Compliance and enforcement issues pertaining to the Foreign Corrupt Practices Act have been in the news this past year, particularly with the sensational revelation of the government's investigation of Wal-Mart's operations in Mexico. In an advanced FCPA panel discussion this morning during the Hispanic National Bar Association's Corporate Counsel Conference in Atlanta, current and former DOJ enforcement counsel dispelled any doubts that DOJ is keeping a close eye on FCPA compliance in the Caribbean and Latin America.

In a panel moderated by my fellow Partner and Colleague, Mauro Wolfe entitled, "Foreign Corrupt Practices Act: What You Need to Know About SEC and DOJ Enforcement," considerable time was devoted to the issue of whether DOJ "targets" industries or geographic regions. In response, DOJ's FCPA Assistant Chief James Kuokios replied with a definite "no", but former Deputy Assistant A.G. for the Criminal Division Greg Andres disagreed. Why the different responses? The answer lies in the panel's follow-up discussion.

DOJ's Kuokios explained that the government "follows the evidence and that it often naturally takes us to a particular region." He added that "areas with large natural resource deposits or infrastructure needs often have state-owned agencies and companies create 'touch points' with government officials" to do business in those markets. Individuals and companies subject to US jurisdiction may have to deal with state officials in these "risk areas" who may expect a bribe. Mr. Kuokios was quite candid in saying that while he cannot discuss particulars, he has "a lot of cases in the hopper" pertaining to Latin America.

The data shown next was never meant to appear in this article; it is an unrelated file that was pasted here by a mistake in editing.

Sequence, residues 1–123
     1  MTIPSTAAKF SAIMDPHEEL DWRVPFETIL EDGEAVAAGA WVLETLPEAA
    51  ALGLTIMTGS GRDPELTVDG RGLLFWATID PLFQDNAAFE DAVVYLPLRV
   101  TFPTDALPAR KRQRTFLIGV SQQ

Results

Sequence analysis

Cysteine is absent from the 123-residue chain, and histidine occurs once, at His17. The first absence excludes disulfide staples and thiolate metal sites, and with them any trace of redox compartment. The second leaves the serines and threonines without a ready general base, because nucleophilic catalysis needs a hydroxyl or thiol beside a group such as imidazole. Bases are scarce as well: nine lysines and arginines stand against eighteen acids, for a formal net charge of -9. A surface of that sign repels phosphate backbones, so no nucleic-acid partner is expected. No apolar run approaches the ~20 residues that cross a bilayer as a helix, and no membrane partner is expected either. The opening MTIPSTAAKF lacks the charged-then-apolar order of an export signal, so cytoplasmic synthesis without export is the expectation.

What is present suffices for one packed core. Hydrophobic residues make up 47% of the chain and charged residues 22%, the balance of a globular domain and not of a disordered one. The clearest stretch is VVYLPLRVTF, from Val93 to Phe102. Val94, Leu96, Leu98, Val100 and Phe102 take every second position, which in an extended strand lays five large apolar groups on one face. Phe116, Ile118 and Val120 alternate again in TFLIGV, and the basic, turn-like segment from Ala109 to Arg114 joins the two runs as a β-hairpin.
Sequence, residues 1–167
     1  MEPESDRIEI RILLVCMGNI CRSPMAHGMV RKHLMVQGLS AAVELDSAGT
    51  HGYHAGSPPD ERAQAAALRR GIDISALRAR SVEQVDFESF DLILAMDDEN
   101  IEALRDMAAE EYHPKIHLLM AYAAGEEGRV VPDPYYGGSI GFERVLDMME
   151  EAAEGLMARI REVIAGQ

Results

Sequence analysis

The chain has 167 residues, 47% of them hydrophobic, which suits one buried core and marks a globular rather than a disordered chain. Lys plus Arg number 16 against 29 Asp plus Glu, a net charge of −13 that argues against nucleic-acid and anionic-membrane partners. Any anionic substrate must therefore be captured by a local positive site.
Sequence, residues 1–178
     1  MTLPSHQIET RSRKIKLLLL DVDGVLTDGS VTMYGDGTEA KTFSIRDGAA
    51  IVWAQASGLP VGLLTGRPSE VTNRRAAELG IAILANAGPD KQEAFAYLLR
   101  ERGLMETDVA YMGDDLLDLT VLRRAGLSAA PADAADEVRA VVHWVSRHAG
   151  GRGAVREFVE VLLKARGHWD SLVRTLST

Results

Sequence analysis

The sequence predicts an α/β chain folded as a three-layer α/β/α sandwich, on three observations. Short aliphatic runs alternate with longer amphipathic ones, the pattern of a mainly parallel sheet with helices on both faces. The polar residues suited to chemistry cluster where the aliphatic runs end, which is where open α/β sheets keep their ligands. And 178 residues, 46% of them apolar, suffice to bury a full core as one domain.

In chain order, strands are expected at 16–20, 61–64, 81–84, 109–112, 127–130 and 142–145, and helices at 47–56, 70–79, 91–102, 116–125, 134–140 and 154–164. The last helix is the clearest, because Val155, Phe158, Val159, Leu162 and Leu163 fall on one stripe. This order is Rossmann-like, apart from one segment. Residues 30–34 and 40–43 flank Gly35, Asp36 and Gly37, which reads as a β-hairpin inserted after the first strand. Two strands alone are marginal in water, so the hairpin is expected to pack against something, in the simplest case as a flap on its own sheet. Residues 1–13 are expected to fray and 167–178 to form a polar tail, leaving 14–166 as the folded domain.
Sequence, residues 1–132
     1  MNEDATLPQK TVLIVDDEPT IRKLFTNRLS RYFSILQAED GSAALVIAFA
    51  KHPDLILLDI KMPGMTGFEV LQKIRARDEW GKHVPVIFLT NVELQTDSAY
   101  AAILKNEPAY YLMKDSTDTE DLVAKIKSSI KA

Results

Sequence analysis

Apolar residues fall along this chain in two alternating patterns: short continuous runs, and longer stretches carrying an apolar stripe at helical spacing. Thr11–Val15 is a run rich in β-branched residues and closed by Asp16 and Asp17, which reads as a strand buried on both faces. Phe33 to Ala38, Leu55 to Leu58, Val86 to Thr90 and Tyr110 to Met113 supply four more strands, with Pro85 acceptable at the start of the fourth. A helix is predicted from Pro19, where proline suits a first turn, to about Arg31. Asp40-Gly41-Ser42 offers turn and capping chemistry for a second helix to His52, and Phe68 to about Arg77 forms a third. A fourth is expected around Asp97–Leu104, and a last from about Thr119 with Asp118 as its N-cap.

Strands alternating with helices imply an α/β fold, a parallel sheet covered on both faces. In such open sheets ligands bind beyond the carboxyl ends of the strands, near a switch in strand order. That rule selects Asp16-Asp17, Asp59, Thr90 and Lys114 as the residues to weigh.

Mr. Andres took a different, not completely inconsistent, view that the government "targets" regions intentionally but that the reason is because the evidence drives them to particular high risk regions and countries and that it is "smart enforcement" for the government to do so. The drive for US companies to succeed and expand into new markets, including Latin America and the Caribbean, raises the risk that bribery may be involved. The panelists gave an example in the government's "sweep" of pharmaceuticals in Asia. The evidence of potential wrongdoing led DOJ to particular pharmas working with the same entities (typically vendors or intermediaries) and it was natural for the government to ask other pharmas in the region if they had similar contacts with those interested entities. Mr. Kuokios described it as "using information [evidence] in a targeted fashion."

Regardless of how one looks at the question of whether the government intentionally "targets" a region or industry one thing is clear from this morning's panel: US companies with operations in Latin America or the Caribbean are on notice that DOJ has an eye on and are now pursuing active investigations in the region.

As Latin America and the Caribbean grow in economic power and business flourishes with the United States and the United Kingdom, the anti-corruption laws of both countries will need to be considered by companies for the foreseeable future.